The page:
Additional Material: 6 Ill.
    Type of Medium: Electronic Resource
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  • 4
    ISSN: 0887-3585
    Keywords: antibody ; antitumor ; single chain Fv ; variable domains ; X-ray crystallography ; protein structure ; protein stability ; Chemistry ; Biochemistry and Biotechnology
    Source: Wiley InterScience Backfile Collection 1832-2000
    Topics: Medicine
    Notes: A recombinant Fv construct of the B1 monoclonal antibody that recognizes the LewisY-related carbohydrate epitope on human carcinoma cells has been prepared. The Fv is composed of the polypeptide chains of the VH and VL domains expressed independently and isolated as inclusion bodies. The Fv is prepared by combining and refolding equimolar amounts of guanidine chloride solubilized inclusion bodies. The Fv is stabilized by an engineered interchain disulfide bridge between residues VL100 and VH44. This construct has a similar binding affinity as that of the single-chain construct (Benhar and Pastan, Clin. Cancer Res. 1:1023-1029, 1995). The B1 disulfide-stabilized Fv (B1dsFv) crystallizes in space group P6122 with the unit cell parameters a = b = 80.1 Å, and c = 138.1 Å. The crystal structure of the B1dsFv has been determined at 2.1-Å resolution using the molecular replacement technique. The final structure has a crystallographic R-value of 0.187 with a root mean square deviation in bond distance of 0.014 Å and in bond angle of 2.74°. Comparisons of the B1dsFv structure with known structures of Fv regions of other immunoglobulin fragments shows closely related secondary and tertiary structures. The antigen combining site of B1dsFv is a deep depression 10-Å wide and 17-Å long with the walls of the depression composed of residues, many of which are tyrosines, from complementarity determining regions L1, L3, H1, H2, and H3. Model building studies indicate that the LewisY tetrasaccharide, Fuc-Gal-Nag-Fuc, can be accommodated in the antigen combining site in a manner consistent with the epitope predicted in earlier biochemical studies (Pastan, Lovelace, Gallo, Rutherford, Magnani, and Willingham, Cancer Res. 51:3781-3787, 1991). Thus, the engineered disulfide bridge appears to cause little, if any, distortion in the Fv structure, making it an effective substitute for the B1 Fab. Proteins 31:128-138, 1998. Published 1998 Wiley-Liss, Inc.This article is a US Government work and, as such, is in the public domain in the United States of America.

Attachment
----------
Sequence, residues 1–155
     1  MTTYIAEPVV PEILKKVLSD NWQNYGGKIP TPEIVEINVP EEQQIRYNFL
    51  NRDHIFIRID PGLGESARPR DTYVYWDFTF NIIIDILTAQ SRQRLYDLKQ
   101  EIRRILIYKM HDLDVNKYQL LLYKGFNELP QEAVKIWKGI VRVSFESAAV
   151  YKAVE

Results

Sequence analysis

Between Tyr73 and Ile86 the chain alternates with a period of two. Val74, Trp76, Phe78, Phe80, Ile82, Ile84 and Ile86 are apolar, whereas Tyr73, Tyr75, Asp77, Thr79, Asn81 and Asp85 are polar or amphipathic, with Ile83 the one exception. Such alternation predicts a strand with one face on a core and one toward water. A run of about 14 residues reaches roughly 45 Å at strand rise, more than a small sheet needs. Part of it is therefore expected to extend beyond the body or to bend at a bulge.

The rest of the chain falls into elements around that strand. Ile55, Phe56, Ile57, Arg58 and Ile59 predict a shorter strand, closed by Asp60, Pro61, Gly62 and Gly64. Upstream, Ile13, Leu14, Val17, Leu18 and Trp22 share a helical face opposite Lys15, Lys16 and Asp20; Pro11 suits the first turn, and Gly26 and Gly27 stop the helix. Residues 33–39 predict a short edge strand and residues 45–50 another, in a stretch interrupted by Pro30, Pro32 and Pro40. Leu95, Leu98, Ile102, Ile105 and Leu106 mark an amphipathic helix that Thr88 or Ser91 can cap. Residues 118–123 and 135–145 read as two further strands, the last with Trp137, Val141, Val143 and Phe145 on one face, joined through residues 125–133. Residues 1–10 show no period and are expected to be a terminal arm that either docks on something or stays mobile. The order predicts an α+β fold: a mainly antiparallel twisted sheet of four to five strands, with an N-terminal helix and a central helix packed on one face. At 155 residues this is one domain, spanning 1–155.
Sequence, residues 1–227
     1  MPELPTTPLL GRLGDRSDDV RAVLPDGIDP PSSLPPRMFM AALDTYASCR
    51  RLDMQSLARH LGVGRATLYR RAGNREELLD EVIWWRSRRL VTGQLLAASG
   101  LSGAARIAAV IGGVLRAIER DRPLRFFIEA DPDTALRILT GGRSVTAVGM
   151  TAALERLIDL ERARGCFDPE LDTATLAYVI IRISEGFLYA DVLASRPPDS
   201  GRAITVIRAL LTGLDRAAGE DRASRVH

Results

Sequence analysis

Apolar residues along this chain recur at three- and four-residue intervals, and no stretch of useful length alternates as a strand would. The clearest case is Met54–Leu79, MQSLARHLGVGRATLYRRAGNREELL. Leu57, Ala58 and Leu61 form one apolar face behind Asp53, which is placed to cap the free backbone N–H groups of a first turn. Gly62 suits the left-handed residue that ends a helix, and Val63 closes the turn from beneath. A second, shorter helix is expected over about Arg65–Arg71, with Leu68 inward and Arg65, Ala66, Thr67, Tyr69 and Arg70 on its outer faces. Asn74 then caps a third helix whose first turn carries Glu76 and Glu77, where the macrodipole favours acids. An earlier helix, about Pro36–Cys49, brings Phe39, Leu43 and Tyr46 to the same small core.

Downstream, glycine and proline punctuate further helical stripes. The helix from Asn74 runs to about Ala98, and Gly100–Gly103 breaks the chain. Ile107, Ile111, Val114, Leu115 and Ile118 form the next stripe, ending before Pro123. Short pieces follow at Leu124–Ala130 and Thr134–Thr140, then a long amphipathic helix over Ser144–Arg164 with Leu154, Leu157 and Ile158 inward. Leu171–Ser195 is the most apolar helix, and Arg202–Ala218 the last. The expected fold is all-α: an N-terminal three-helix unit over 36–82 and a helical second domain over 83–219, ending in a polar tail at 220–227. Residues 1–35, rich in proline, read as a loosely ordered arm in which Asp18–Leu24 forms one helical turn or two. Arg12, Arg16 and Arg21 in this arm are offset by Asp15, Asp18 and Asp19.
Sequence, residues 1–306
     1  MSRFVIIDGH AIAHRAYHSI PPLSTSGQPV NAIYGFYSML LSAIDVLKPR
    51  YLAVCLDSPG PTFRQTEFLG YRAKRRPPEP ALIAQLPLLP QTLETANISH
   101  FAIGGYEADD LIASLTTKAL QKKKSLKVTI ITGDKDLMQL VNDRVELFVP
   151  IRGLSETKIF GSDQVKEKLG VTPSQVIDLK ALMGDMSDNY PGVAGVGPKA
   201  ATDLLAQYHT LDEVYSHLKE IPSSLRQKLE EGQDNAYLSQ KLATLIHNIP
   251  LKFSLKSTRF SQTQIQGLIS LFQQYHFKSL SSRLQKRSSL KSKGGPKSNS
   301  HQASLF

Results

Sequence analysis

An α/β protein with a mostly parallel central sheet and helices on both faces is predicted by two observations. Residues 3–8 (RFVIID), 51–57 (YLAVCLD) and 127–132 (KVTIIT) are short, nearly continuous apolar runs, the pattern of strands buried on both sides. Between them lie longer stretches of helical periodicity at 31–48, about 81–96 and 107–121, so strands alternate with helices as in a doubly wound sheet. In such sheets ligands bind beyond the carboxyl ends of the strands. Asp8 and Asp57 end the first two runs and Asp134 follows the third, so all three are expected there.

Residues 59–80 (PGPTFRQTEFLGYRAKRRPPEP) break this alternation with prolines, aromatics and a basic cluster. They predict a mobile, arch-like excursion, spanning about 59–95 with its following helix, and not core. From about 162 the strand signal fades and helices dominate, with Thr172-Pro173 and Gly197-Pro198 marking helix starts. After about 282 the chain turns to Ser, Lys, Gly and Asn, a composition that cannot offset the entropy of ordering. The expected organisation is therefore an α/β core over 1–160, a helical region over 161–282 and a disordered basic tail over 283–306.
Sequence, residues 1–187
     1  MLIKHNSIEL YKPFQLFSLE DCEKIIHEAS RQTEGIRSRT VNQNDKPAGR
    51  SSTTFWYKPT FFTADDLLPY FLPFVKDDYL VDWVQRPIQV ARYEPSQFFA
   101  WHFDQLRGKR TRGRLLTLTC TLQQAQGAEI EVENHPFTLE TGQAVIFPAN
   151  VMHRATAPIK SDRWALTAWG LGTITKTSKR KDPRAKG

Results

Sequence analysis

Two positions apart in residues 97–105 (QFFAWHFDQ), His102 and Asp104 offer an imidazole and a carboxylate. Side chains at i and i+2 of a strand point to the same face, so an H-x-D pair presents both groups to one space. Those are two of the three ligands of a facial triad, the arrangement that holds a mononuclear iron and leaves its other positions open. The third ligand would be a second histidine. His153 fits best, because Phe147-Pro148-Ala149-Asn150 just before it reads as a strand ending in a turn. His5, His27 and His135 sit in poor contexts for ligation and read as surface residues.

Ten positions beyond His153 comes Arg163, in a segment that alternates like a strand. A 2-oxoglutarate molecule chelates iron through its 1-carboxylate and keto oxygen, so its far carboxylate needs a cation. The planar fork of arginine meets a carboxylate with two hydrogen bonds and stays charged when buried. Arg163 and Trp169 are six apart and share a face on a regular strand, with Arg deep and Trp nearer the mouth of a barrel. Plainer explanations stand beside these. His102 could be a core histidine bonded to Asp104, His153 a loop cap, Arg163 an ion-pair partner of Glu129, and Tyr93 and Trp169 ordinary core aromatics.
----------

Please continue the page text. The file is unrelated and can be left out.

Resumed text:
Additional Material: 10 Ill.
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  • 5
    ISSN: 1432-1335